The late 1800s was an interesting time for science and invention. Human control of electricity was in its infancy, and many devices we use today, such as the light bulb, and even radio communication have their roots in this era.
Of course, there were many other inventions that are perhaps less useful in themselves, but led us to a better understanding of certain concepts. The Tesla coil comes to mind, but you might also consider another lesser-known “spark device” known as the Wimshurst machine.
These machines build up charges via electrostatic induction via two disks that rotate in opposite directions. When the charge differential is built up enough, a spark occurs between two conductors. If you’d like to try out this interesting device, the SparKIT version is a modern take on it. This machine uses modern capacitors instead of Leyden jars to store the charge, and the counter-rotating disks are constructed out of PCB segments. Though capable of generating 20,000 volts of electricity, due to its low current capacity it’s safe to use under normal conditions, though electronics should stay away!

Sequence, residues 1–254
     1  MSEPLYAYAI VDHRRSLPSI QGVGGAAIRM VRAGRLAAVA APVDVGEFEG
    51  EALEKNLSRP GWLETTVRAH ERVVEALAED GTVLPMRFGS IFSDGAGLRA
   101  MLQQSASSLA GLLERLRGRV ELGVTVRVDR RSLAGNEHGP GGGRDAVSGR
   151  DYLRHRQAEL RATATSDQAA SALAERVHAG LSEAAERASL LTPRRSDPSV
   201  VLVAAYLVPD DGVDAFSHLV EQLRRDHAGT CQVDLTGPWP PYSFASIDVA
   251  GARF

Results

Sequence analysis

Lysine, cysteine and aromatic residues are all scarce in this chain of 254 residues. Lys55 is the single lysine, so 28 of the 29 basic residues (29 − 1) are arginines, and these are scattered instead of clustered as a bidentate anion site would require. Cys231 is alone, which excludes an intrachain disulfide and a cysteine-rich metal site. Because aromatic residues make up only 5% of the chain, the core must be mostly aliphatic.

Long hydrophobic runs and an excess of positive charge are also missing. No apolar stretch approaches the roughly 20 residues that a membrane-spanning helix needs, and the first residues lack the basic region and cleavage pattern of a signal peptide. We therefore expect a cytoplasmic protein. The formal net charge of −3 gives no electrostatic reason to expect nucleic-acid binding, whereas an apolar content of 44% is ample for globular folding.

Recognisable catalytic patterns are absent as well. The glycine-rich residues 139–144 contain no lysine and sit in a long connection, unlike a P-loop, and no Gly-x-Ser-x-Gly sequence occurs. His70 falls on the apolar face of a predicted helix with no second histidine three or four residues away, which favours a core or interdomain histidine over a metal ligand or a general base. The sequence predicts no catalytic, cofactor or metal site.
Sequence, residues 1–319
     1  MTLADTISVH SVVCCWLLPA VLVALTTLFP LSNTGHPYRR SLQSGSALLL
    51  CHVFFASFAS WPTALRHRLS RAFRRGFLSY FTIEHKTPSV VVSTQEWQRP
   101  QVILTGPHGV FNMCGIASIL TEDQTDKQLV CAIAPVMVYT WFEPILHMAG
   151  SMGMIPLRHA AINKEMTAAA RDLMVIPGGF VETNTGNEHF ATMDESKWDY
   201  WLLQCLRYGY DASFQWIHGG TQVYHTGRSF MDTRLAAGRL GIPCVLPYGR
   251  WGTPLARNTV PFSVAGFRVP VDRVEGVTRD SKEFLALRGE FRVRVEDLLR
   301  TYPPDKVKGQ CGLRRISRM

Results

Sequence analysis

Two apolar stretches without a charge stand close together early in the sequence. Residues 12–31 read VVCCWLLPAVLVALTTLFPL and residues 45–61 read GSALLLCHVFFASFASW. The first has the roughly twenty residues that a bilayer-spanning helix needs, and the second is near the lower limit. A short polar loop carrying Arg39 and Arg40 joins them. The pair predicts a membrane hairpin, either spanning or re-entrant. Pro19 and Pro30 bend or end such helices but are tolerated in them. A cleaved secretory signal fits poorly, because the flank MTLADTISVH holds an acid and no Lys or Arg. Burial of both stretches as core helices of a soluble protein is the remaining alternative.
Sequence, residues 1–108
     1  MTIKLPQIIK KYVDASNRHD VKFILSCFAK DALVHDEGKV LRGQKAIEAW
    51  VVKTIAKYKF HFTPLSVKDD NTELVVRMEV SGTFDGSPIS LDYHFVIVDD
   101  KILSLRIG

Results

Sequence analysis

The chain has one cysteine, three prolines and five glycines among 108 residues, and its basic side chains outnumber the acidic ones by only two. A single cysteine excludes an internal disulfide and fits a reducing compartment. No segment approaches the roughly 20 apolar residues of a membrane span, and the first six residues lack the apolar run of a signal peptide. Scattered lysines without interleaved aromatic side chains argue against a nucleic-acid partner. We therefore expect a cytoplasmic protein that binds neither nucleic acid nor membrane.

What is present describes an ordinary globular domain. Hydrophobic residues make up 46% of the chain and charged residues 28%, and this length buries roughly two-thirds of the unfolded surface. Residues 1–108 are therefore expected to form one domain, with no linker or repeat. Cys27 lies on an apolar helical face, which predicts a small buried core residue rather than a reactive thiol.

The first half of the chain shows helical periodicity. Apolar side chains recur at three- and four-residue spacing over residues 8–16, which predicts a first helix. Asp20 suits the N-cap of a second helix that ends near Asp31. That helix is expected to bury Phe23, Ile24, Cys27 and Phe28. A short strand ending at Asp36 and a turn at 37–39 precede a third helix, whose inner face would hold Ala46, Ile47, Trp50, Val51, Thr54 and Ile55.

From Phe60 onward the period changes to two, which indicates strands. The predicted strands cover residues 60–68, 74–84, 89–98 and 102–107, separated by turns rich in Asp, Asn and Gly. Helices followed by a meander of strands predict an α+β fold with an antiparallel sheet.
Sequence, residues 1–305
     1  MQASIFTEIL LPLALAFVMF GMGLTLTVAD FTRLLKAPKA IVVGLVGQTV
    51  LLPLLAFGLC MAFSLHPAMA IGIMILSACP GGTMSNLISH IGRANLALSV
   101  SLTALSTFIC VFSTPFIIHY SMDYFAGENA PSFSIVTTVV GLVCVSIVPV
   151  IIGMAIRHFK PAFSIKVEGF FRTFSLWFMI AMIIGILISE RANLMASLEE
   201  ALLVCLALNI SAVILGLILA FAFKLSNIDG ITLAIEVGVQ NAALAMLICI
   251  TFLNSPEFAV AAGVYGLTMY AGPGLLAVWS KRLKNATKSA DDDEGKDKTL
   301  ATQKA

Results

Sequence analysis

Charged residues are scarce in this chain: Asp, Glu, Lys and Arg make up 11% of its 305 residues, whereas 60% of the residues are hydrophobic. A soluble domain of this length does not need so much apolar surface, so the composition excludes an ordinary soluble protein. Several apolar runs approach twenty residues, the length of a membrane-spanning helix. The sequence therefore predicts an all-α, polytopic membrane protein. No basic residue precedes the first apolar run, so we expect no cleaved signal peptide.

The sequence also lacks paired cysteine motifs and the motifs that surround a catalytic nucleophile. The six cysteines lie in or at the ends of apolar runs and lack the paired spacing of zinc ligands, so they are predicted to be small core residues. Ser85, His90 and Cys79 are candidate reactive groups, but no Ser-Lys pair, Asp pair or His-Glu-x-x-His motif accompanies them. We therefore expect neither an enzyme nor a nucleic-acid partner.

I certainly think this outdoes any “executive desk toys” that have come before it. Sure, your boss might have a kinetic sculpture that swings back and forth in perpetuity, thanks to a hidden electromagnet. You, however, will have 20 kV in your cubicle—which everyone will know as your Dr. Evil laugh reaches its peak.